A woman works in the Main Medical building at a U.S. Immigration and Customs Enforcement detention facility known as the South Texas Family Residential Center, which houses families who are pending disposition of their immigration cases on Aug. 23 in Dilley, Tex. (Jabin Botsford/The Washington Post)

The “dual loyalty” of health-care professionals who work in U.S. immigration detention facilities undermines the quality of care for migrants held there, according to an article by three professors from Johns Hopkins University published Friday in the Journal of the American Medical Association.

The professors argue that medical care for those detained under current Trump administration policies that are aimed at deterring migration to the United States create a conflict for doctors and nurses because those policies place the interests of the government over the patients in their care.

“Whatever the future of U.S. immigration policy, decent and humane treatment of children, as well as all other detainees, and preservation of independence of physicians and other health professionals to meet patients’ medical and psychological needs are essential,” said the opinion article written by Paul Spiegel, Nancy Kass and Leonard Rubenstein of Johns Hopkins School of Public Health.

In an interview, Spiegel said the article arose after the professors saw an advertisement from a privately run Immigration and Customs Enforcement detention center in Louisiana that sought a lead doctor who would be “philosophically committed to the objectives of the facility.”

That language was dropped after widespread criticism, but the company still continued to seek a doctor who would work “based on the company goals, objectives and philosophy” — rather than explicitly working to protect the best interests of their patients.

“Being a medical practitioner, the loyalty always has to be first and foremost to the patient,” said Spiegel, who is the director of the Center for Humanitarian Health at Johns Hopkins.


Bags for clothes and showers are seen in the intake and processing building at the ICE detention facility in Dilley, Tex. (Jabin Botsford/The Washington Post)

Spiegel was among of a group of doctors who recently sent a letter to Congress urging the Department of Homeland Security to improve its treatment of influenza in detention facilities, including providing flu vaccines to people when they are taken into custody.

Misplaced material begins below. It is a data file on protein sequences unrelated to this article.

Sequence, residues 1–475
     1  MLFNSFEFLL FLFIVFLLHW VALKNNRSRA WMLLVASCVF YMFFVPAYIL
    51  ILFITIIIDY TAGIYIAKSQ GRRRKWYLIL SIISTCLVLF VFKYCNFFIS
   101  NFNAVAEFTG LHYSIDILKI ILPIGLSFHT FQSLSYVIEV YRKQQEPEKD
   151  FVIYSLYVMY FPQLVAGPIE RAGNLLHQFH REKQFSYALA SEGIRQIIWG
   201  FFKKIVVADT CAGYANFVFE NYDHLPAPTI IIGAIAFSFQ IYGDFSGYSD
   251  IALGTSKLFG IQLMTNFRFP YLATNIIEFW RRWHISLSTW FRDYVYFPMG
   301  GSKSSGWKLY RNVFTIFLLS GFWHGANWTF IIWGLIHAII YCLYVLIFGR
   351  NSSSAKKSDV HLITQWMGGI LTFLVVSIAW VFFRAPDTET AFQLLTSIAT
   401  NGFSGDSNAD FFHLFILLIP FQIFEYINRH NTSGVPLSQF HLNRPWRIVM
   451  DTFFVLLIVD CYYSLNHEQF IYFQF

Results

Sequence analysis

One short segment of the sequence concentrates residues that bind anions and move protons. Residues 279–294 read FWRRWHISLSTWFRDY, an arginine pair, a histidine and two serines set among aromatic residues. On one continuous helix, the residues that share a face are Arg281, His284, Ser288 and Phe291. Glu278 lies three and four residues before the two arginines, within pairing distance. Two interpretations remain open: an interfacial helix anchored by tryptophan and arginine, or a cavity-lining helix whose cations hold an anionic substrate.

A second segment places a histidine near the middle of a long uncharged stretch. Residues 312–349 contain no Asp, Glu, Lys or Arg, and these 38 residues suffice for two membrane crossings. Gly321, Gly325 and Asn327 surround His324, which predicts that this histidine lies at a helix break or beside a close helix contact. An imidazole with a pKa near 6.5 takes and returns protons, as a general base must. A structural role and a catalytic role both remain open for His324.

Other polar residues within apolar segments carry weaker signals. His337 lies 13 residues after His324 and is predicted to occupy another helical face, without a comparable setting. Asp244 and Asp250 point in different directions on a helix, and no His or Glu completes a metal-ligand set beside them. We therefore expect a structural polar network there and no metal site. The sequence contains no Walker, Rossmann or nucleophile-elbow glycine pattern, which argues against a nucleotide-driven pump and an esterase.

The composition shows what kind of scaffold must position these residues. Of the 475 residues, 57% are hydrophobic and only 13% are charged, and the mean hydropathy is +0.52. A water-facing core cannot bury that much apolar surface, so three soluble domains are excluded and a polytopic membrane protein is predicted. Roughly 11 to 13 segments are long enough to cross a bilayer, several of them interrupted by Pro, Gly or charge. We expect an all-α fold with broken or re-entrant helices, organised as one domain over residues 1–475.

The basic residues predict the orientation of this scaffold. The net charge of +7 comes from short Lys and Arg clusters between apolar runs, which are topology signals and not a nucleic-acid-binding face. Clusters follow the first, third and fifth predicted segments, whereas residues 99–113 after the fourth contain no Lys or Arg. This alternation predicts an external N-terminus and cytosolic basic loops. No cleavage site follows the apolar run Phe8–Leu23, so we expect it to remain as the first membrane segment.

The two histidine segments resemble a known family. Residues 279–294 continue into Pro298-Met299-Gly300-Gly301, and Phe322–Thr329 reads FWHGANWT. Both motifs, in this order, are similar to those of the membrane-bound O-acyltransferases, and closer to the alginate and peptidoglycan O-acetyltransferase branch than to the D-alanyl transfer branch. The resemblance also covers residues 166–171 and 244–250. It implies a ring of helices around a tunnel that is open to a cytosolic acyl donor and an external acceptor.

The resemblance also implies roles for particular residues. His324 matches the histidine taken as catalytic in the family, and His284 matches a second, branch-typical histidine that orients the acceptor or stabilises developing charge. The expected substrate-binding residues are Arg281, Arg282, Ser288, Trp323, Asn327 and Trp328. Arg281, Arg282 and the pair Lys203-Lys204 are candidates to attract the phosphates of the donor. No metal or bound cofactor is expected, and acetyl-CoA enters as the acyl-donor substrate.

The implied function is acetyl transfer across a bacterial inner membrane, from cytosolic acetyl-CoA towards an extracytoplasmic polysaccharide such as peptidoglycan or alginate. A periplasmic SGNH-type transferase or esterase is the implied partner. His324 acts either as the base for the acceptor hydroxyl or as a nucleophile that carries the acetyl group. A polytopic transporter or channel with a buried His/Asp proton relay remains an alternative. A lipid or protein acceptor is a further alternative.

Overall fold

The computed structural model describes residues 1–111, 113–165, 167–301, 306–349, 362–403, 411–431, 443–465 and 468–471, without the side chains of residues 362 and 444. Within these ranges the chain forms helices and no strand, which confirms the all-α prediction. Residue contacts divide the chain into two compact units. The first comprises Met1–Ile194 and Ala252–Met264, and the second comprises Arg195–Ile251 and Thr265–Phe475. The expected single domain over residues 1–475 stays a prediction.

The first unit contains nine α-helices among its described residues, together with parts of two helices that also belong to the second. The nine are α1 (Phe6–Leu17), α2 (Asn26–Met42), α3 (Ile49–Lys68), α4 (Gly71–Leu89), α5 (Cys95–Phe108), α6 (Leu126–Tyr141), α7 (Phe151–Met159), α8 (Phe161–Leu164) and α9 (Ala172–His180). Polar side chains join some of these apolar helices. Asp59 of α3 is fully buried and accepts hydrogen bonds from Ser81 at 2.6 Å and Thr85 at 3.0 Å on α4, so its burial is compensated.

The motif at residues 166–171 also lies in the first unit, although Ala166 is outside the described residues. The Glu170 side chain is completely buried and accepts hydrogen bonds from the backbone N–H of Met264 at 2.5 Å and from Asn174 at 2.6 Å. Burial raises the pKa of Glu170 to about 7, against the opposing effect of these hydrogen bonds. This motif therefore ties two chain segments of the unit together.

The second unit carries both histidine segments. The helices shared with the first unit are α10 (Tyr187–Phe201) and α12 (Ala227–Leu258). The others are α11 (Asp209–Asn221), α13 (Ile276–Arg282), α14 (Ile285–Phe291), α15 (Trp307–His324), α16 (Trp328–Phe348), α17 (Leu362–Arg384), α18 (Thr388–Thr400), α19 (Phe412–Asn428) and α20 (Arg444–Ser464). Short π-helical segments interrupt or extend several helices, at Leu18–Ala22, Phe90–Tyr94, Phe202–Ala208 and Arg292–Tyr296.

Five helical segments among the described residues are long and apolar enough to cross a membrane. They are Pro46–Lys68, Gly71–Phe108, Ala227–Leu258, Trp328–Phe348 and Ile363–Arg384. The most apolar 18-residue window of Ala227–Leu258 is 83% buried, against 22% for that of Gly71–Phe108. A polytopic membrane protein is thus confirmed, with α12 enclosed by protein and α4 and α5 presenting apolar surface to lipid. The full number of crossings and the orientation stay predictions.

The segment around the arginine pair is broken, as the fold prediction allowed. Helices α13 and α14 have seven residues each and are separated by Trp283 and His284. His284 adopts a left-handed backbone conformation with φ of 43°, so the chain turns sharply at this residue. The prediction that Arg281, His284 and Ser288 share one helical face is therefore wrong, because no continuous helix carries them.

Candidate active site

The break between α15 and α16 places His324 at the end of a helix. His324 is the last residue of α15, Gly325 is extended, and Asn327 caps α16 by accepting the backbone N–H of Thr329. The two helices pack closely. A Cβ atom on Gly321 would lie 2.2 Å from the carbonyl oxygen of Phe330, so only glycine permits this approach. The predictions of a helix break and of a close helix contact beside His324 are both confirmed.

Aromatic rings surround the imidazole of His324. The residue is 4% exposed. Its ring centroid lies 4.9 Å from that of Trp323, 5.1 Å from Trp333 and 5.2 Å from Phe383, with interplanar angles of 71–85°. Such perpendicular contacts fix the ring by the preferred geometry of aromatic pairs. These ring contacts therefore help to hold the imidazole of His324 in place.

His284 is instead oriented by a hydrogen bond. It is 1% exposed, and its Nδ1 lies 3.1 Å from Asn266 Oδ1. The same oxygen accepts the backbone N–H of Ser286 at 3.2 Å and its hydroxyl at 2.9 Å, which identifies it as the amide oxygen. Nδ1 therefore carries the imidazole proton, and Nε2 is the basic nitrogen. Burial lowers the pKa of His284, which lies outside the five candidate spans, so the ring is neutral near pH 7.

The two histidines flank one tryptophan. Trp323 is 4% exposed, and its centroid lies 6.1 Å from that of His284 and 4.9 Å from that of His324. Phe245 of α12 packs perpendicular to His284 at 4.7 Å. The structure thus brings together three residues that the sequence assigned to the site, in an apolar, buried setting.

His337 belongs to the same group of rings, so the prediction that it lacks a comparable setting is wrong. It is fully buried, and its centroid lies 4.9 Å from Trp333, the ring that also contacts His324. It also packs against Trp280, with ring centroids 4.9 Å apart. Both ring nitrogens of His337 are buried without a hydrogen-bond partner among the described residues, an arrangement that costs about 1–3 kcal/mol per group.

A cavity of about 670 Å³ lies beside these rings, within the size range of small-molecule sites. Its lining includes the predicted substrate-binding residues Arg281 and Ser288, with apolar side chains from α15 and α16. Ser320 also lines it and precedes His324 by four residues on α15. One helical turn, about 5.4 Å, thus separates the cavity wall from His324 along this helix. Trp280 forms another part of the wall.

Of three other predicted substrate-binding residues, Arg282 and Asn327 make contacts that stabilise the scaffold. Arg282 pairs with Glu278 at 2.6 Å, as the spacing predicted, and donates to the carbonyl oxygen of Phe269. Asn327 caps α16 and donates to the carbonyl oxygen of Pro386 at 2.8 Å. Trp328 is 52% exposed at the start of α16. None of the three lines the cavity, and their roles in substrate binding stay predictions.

Flu was rampant in many overcrowded detention facilities earlier this year, and at least three children died of the disease, according to autopsy reports.

U.S. Customs and Border Protection officials said the agency will not administer vaccines because of the “complexities” of providing the shots and because migrants are supposed to be in their custody for three days or fewer, said Steven Bansbach, a CBP spokesman.

“It has never been a CBP practice to administer vaccines, and this is not a new policy,” Bansbach said.

DHS officials did not respond to requests for comment.

CBP’s refusal to provide flu vaccines is an example of dual loyalty, Spiegel said, something that forces health-care providers to follow agency mandates that run against what would be best for patients. He said flu vaccines are simple to administer and protect the detainees, government employees and the general population.

“What we’re talking about here of course is much bigger than the flu vaccine, but I think I’d say it’s an illustrative example,” Spiegel said. “It doesn’t make a difference if they’re staying for 72 hours, because the sooner someone gets the vaccine, the sooner they will be protected.”

An El Paso pediatrician who treats migrant children after they are released said the dual loyalty of contract health workers in detention facilities results in substandard medical care, with illnesses often going untreated.

“We’re still getting calls daily from the volunteers at the shelters that we have here in El Paso that there’s somebody with a blood pressure of 220 over 120, there’s a diabetic with a sugar of 500,” said Dr. Carlos Gutierrez, who has volunteered to treat migrant children for more than 30 years.

Gutierrez said government health-care providers do not provide records of treatment for detainees when they are released and have been told not to communicate with community providers.

“Whoever signs a contract like that, to care for those refugees with the understanding that they’re not going to be able to communicate with individuals on the outside to provide better continuity of care, that’s totally malpractice,” he said.

Gutierrez said that during another surge of Central American families and children to the U.S.-Mexico border in 2014, Border Patrol officials asked volunteer community health-care providers to enter detention facilities to examine and treat migrants.

He said doctors and other clinicians have volunteered to provide care in detention facilities during the past two years but have been rebuffed.

In the Journal article, Spiegel and his co-authors say health care in migrant detention facilities should be provided by independent medical associations or nongovernmental organizations that are “transparent and independent.” They also call for an independent oversight body to monitor health-care conditions in those detention facilities.

Spiegel said health-care providers should speak out loudly in the immigration debate but avoid the divisiveness that often plagues those discussions.

“We should be using evidence to make our points and stay away from the politics and any partisanship,” he said.